If you haven’t heard it a million times since now I am going to say it again: Congrats on getting those acceptance letters! I can understand the gratifying feeling when the good news comes and the realization that all the years of hard work has culminated into something tangible. You should be proud and remember to enjoy the last days of senior year. However I would implore you to start thinking of life once the graduation ceremony has come and gone. The summer is a prime time to make sure that the transition to college life will be seamless with as little turbulence as possible. Thus I have outlined two key pieces of advice:
GET A JOB: It’s that simple because there is no way around it. As you know college is expensive and you might think mom and dad will be there to bail you out, but there are no lessons learned from always falling back on the same people. An objective during the college experience should be independence on some level. No I’m not saying that parents won’t be in the equation but I am saying that self-reliance is something to be strived for. If you’re like me paying for books, extracurricular activities and miscellaneous items can amount to a hefty bill. Thus I would encourage all of you to start saving NOW. I understand prom is around the corner and you probably want to buy that outrageously expensive dress- which will only be worn once- but in the long run it’s not worth it. I have learned a lesson this year on how to prioritize and sacrifice. There are two categories when it comes to spending money: wants and needs. You need textbooks and a laptop, you don’t need to buy those extra pair of shoes or that 45′ inch plasma t.v for the dorm.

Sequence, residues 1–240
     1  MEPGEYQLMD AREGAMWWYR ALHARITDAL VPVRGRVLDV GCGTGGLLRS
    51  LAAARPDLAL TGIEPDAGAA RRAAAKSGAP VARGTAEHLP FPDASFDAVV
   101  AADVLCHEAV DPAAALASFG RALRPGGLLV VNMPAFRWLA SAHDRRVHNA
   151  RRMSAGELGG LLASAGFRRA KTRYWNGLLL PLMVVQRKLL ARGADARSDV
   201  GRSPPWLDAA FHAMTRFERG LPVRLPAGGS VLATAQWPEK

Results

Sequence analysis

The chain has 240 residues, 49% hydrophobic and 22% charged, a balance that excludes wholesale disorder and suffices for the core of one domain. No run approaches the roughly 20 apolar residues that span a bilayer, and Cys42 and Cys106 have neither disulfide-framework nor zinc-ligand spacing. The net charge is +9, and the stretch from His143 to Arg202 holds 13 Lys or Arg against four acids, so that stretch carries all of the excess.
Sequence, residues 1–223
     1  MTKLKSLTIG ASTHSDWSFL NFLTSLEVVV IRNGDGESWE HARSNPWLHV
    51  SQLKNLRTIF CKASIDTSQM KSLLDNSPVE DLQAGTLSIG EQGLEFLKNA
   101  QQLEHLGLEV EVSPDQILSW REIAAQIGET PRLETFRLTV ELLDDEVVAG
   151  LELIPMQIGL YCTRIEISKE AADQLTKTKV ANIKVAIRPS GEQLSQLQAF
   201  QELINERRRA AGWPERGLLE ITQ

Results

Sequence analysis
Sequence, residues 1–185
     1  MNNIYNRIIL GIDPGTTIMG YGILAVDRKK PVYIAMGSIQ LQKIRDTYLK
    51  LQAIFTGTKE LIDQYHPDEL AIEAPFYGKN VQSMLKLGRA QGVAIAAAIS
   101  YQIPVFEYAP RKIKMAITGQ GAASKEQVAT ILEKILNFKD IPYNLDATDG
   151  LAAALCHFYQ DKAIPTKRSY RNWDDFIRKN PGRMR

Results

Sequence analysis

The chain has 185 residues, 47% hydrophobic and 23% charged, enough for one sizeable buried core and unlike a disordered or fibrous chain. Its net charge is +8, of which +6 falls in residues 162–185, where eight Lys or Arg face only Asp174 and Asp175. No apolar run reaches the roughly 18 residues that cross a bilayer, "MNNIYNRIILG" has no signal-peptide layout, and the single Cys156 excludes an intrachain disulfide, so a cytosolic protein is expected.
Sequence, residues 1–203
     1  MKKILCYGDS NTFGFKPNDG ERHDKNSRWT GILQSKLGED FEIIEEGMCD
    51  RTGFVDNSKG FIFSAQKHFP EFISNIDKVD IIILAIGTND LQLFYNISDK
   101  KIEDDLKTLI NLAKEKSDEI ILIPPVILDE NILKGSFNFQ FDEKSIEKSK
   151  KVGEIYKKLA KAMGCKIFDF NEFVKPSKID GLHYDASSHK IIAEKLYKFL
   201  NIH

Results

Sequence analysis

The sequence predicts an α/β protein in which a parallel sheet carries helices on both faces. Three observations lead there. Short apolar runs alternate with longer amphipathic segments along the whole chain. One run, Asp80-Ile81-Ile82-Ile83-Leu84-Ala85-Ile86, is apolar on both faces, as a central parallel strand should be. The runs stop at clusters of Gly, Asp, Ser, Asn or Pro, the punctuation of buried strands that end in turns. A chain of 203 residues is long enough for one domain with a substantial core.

Internships & Community Service: These are important to building towards a new resume. One thing students don’t realize is that once high school is over, many of the accomplishments such as: National Honor Society, Key Club, and Student Government are no longer admissible on resumes in the future. During your freshman year you can rely on those high school achievements to secure jobs and other opportunities on campus but that is only because of youth/ inexperience. This summer I am clearing all my high school achievements and starting over with what was done in my freshman year. It would be wise to start looking for opportunities for possible career experience. For example if you are a political science major, start looking for internships in your local elected representatives office. Whether it be a state senator or even a U.S. Senator it doesn’t matter the experience will give much needed insight and boost your resume. The same can be said for all majors and areas of interest. The relevant career experiences that I speak of are not the type that are found easily, you might have to contact an office or ask for parental advice, but the work in the long run is worth it.